The online registration for the fall Illinois EPA-Sponsored One-Day Household Hazardous Waste Collection Event in Champaign County will open on Monday, September 23, at 8 a.m. The link to the online registration system is http://hhwevent.simplybook.me/. The collection event will take place on Saturday, October 26, in Champaign. Residents can find drop-off location information on the registration website.
This drop-off event is open to all Illinois residents. Residents must register for an appointment in order to attend. On September 23, residents can reserve one of the available 15-minute time slots between 8 a.m. and 3 p.m. Immediately upon reserving a time, a confirmation email and/or text message will be sent. The resident will also receive a postcard in the U.S. Mail five to seven days before the event which serves as their “ticket” into the event.
ECEC19 will be held on May 21-22, 2019, at the Hilton Garden Inn in Champaign, IL. This year the conference will expand beyond the aquatic environment to also include air and soil studies along with effects on human and animal health.
The conference will feature presentations and posters on the latest in emerging contaminant research, policies, and outreach. In addition, there will be plenty of opportunities for discussion and networking with those interested in all aspects of emerging contaminants in the environment.
Researchers, educators, businesses, government officials, regulatory agencies, policy makers, outreach and extension professionals, environmental groups, members of the general public, and medical, veterinary, and public health professionals are encouraged to attend the conference.
Those of us in the Great Lakes region (and the rest of the US and Canada) live in a so-called “throw-away society” in which consumerism is rampant, and goods are not often designed or produced with durability in mind. In fact, in recent years, more and more goods are designed to be explicitly or implicitly disposable. Even complex products, such as consumer electronics, are treated as if they are meant to be ephemeral. The classic example is the smartphone. These devices are astounding feats of scientific innovation and engineering. For perspective, consider ZME Science’s article from September 2017: Your smartphone is millions of times more powerful than all of NASA’s combined computing in 1969. Despite their complexity, and the fact that you, and probably everyone you know, barely scratch the surface in terms of using these devices to their full potential, we are constantly bombarded with cues to upgrade to the latest model. And new models seem to be released ever more frequently, always being touted as somehow greatly more advanced than their predecessors. A simpler example is clothing–when was the last time you sewed up or patched a hole in a shirt or pair of pants? Something that once would have been done by most people as a matter of course might now be deemed peculiar. A modern member of our culture might wonder why one would bother to patch a pair of pants when a new pair could be obtained so cheaply.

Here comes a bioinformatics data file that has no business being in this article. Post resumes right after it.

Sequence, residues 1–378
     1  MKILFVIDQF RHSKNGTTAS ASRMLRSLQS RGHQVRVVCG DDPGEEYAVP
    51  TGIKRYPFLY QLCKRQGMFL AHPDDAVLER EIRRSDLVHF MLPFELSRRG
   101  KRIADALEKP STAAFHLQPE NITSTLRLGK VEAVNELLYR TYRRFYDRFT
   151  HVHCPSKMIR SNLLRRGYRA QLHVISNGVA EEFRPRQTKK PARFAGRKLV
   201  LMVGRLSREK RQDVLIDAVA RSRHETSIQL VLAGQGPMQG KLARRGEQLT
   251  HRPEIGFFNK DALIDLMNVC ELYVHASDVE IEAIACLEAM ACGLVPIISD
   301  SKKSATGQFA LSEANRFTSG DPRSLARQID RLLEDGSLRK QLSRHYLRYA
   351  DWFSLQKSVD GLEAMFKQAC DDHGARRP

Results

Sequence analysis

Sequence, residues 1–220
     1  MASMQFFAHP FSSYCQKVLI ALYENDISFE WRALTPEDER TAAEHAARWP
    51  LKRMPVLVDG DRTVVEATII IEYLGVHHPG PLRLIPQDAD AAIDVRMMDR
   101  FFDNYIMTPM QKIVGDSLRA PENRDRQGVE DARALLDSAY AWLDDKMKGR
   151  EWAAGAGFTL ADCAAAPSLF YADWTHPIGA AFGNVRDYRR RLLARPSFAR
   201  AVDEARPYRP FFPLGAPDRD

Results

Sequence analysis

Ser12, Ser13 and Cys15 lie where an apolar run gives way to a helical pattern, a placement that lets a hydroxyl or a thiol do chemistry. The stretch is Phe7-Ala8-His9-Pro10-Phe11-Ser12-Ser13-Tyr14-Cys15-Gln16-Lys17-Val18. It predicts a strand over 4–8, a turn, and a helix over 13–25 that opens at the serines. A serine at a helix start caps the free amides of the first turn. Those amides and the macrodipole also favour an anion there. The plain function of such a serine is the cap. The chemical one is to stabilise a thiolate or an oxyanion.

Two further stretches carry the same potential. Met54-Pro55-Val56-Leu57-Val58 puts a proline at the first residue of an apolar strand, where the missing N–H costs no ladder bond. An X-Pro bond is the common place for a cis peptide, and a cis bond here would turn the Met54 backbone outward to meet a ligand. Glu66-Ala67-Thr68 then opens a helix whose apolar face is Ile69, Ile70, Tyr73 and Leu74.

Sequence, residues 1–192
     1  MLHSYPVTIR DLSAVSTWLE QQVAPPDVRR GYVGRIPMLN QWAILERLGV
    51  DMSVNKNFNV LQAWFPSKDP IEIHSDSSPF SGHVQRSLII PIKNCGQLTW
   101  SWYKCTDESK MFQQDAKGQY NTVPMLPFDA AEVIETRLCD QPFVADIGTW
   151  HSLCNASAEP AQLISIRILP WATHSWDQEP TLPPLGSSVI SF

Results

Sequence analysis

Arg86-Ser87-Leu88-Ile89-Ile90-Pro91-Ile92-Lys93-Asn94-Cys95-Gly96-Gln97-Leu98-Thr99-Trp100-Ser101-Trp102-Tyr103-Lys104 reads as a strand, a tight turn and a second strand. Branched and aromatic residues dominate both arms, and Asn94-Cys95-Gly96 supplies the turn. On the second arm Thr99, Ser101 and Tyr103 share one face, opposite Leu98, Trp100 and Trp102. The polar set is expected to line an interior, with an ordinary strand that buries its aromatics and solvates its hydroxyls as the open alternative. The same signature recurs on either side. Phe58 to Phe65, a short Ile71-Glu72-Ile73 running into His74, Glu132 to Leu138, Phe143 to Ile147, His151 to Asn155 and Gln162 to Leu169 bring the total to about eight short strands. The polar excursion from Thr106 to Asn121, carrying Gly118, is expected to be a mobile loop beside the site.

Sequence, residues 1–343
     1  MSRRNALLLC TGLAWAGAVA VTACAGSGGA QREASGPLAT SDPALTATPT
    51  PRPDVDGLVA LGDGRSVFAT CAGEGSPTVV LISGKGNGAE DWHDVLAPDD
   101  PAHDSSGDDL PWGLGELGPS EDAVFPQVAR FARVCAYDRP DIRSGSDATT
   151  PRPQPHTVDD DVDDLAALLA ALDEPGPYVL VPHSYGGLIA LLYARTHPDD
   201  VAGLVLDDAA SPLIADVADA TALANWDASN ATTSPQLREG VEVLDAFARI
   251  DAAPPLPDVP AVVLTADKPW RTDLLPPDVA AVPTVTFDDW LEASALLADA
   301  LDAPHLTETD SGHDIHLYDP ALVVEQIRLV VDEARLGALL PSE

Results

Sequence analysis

Our “take-make-dispose” model can also be called a linear economy, and the message you receive in such a system is clear: if you have something that becomes damaged or has minor performance issues, you should just replace it. In fact, even if what you have is working well, the time will quickly come when you should just replace the old with the new. Replace, rinse, and repeat. A linear economy is one in which natural resources are extracted and used to create goods which will entirely, or partially, inevitably end up in landfills or incinerators. Some materials may be recovered and recycled, but over time these materials degrade in quality and are used for increasingly lower grade purposes, so that ultimately they will become waste, of little or no further use.